Posted by: nsrupidara | July 10, 2010

Similarities and differences in configurations of HR system: Evidence from case studies of foreign multinationals in Indonesia


HR systems of multinational companies are complex entities. They contain of a mix of policies, practices, and processes to manage human resources and jobs that are unified by the strategy, objectives and philosophy of the firm (cf. Kepes & Delery, 2006). According to the configurational approach in HRM studies, HR system of a firm has a unique pattern of configuration of integrated and strongly constrained components (Tsui and Hinings, 1993). It is becoming more complex when the influence of contingent factors such as the strategic orientation and organizing principles of the multinational and elements of local environment in the shaping of HR system is taken into account.

Previous research in HR system has revealed a number of patterns, models, or labels of HR system, for example, high performance work system and term high commitment work system (Huselid & Becker, 1996; Arthur, 1994. These labels have become prescriptive models that make up the collections of HR best practices and travel across organisational and national boundaries. They have turned into fashions that make up the faces of HR practices within firms especially in developing countries such as Indonesia, where both HR scholars and practitioners act more as the adopters of well-established ideas or models constructed in developed countries.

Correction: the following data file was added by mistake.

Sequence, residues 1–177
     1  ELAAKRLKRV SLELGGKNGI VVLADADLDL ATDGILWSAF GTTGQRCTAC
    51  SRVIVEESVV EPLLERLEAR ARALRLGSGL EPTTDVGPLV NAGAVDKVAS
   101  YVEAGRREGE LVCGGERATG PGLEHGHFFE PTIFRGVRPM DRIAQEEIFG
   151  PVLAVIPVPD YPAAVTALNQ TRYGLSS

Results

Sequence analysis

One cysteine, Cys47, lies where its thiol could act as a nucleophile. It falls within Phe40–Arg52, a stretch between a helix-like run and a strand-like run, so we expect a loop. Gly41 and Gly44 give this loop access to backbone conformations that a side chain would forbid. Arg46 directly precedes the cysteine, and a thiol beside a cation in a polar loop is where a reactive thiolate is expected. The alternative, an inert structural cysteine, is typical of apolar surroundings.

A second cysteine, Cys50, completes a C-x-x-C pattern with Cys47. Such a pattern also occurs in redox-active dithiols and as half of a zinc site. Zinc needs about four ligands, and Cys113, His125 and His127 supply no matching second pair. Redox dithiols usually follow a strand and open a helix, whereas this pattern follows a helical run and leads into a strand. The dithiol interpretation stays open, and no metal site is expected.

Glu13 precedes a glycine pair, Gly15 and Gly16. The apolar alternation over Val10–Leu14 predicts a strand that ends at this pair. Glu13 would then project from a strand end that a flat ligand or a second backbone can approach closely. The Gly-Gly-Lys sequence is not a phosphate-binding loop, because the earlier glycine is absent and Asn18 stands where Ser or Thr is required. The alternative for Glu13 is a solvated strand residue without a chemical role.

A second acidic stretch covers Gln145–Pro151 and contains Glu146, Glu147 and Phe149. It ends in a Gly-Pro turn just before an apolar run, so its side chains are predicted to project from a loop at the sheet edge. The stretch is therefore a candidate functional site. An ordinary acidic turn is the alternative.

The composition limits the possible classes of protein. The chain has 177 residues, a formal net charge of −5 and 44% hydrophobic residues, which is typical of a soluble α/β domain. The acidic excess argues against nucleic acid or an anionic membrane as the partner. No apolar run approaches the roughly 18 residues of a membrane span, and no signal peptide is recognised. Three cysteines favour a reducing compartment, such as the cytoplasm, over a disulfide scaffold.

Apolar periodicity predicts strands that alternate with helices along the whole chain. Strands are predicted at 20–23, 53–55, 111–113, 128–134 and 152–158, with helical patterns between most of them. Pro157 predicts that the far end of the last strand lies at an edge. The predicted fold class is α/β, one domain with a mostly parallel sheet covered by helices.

The transference of HR ideas across firm and national boundaries provide more references or sources for HR actors in various countries. That phenomenon would provide another perspective into the traditional dyadic model of multinational companies, such as of Bartlett and Ghoshal’s (2000). The headquarters, other subsidiaries within the multinational boundaries, and local competitive and institutional environment as source of ideas have been viewed as the sources of ideas according to the old model. Other research (e.g. Pudelko and Harzing, 2007) opens up the possibilities of third parties in influencing the configuration of HR system at subsidiary level. The latter would be overlapping with local environment but it may connect the adopting firms to institutionalised global ideas through various channels of transfer, rather than merely to local ideas.

This paper attempts to analyse patterns of configuration of HR systems within subsidiaries of multinational companies operating in Indonesia. It argues that if the contingency factors, especially from host countries, are taken into account in influencing the construction of HR system, then previous research lacks the perspective of developing countries such as Indonesia in the body of theorising the construction of HR system. Countries like Indonesia that is eager to adopt well established management models, including those in HR. This characteristic may open alternative links to other sources than merely the parent company and its global organisational chain.